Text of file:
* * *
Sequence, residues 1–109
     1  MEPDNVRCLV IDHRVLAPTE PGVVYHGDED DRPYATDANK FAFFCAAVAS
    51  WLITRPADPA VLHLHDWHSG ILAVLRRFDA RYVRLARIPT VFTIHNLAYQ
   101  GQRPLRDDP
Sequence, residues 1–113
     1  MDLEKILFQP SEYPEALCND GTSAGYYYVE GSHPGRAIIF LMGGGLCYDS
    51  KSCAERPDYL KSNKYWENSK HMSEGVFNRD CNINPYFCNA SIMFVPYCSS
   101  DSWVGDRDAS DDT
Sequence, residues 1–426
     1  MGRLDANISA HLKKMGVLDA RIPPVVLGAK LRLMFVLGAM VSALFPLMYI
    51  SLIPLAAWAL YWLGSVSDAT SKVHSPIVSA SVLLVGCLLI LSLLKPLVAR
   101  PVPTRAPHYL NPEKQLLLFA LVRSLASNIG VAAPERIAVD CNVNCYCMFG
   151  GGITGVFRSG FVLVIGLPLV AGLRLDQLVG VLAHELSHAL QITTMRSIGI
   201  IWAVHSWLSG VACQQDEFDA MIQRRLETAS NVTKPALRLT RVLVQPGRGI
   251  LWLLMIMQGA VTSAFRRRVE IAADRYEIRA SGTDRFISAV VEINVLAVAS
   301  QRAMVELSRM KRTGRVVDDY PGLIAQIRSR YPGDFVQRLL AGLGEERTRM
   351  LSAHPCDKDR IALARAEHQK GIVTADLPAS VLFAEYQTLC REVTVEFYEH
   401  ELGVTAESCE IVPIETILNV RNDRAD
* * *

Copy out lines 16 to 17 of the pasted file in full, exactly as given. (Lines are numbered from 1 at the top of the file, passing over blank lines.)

   301  QRAMVELSRM KRTGRVVDDY PGLIAQIRSR YPGDFVQRLL AGLGEERTRM
   351  LSAHPCDKDR IALARAEHQK GIVTADLPAS VLFAEYQTLC REVTVEFYEH